I wish you well on your journey.

    P.S. Do we really recover from the human condition, or do we navigate the process of a maturing self perception?

  6. {“Madness, provided it comes as the gift of heaven, is the channel by which we receive the greatest blessings.” _Socrates.}

    You offered such strong insights and I thank you for responding, for resonating.

    I think we recover from the human condition when we begin to understand that it may not be what we thought it was. Shifting worldview and the lexicon of understanding is so vital in recovery. The ugliness that surrounds the word “psychosis” created an enormous amount of dissonance in my personal experience. How could the most beautiful clarity and sense of understanding I had ever felt possibly be…sick? How could a state of grace be something that needed to be medicated?

    I think that some people do have sensitivities and I believe that some may be more neurologically prone to flights of exaltation than others. However, it seems to me that everyone is privy to this basic element of our human construction, the ability to feel deeply and personally connected to the world we live in. It saddens me that our culture so often denies us the right to understand how our minds work, how our hearts work, how our sense of spirit works. I am, more and more, beginning to feel that some very basic human rights have been violated for a long, long time.

    Thanks so much for leaving such a thoughtful and storied comment. There has been some amazing dialogue on this subject going around. People are having some very intelligent talks about the dynamics of function and idea that exist between psychosis, neurology, and spirituality.

    Accidental inquiry into grace and sentient understanding were driving forces in my last long period of…um, experiencing my humanity. 🙂 It’s interesting that I didn’t really even scratch the surface of that aspect in this narrative. Yet, you seemed to recognize the connection.

    You’re not Illuminati, are you? Hahaha, just kidding. Really.

    Have a great night and keep living the truth: The World Is A Beautiful Place.

  7. Faith, your words moved me to tears today.

    I often feel as though I dodged a bullet in my early 20’s. I had started down the path of uber-medicated depression and anxiety since turning 17. Given my family of origin it’s a miracle I somehow gutted my way out of SSRI withdrawal on my own and refused to ever speak to another psychiatric ‘professional’ who wanted to prescribe me further medication during future difficult episodes.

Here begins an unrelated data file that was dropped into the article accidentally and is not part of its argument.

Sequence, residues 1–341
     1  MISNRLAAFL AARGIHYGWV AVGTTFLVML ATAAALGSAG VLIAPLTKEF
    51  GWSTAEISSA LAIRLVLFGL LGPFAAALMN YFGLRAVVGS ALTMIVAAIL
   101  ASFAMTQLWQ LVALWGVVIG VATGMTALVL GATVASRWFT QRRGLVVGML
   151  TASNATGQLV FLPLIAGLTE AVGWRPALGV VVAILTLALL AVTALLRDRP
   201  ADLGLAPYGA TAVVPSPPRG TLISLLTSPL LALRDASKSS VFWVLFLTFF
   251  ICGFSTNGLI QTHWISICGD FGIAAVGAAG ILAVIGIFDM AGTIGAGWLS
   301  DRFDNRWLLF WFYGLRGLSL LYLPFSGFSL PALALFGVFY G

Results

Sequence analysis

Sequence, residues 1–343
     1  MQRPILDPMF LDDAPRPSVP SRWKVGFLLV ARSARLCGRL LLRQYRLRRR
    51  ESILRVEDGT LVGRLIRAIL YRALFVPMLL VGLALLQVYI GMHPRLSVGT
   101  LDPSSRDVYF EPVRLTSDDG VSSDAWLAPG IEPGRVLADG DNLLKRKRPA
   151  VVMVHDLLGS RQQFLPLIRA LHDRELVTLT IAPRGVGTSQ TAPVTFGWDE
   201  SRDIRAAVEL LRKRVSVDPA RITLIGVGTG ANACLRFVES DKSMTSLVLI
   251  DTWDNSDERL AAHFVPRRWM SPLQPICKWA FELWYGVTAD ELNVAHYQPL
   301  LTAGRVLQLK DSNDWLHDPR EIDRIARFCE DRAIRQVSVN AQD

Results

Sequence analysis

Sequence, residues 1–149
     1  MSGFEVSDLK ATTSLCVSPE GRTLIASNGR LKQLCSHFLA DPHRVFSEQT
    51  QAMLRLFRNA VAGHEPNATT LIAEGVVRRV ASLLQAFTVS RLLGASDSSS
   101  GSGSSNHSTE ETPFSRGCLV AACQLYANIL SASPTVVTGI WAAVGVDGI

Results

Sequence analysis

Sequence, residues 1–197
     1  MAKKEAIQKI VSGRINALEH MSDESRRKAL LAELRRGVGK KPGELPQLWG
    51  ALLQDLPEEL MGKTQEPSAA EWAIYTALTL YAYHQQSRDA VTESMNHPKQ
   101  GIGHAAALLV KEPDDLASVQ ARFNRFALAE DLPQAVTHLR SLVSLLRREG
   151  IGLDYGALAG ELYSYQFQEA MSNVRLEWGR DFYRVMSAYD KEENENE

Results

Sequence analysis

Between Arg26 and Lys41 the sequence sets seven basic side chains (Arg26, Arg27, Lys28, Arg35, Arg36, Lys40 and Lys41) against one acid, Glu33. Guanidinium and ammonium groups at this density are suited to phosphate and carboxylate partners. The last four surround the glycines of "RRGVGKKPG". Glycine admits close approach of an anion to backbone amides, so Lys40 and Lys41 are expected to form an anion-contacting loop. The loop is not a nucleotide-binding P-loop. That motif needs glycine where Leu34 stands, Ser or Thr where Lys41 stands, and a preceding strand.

I’m a woman of 43 who “still” cries far too much. I’ve slowly come to terms with that. It is who I am, and I’m not ashamed that I’m easily moved to deep emotion. I have experienced a lot of depression and anxiety in my adult life, and wondered how alone I am in being unmedicated during the majority of it. However, for over 15+ years I wouldn’t have it any other way particularly knowing the horrors members of my family subject themselves to, who have been dependent upon SSRIs, benzos, and most lately atypical antipsychotics. My dad is currently on a cocktail of an SSRI, anti-seizure med and an atypical antipsychotic. He is as flat, miserable and despondent (yet depressingly accepting of his ‘fate’) as I’ve ever seen him since he first started taking antidepressants for situational depression in his 30’s.

    I wish you well in your journey. We are all human beings who deserve dignity. In figuring out how we’ll respond to the traumas and cognitive dissonance, we have so far been far too willing to submit to authoritarianism that says “Your coping methods are wrong. Furthermore, they are inconvenient, socially embarrassing, and confusing to us. Take these pills instead, no matter how much irreparable harm they may do you.”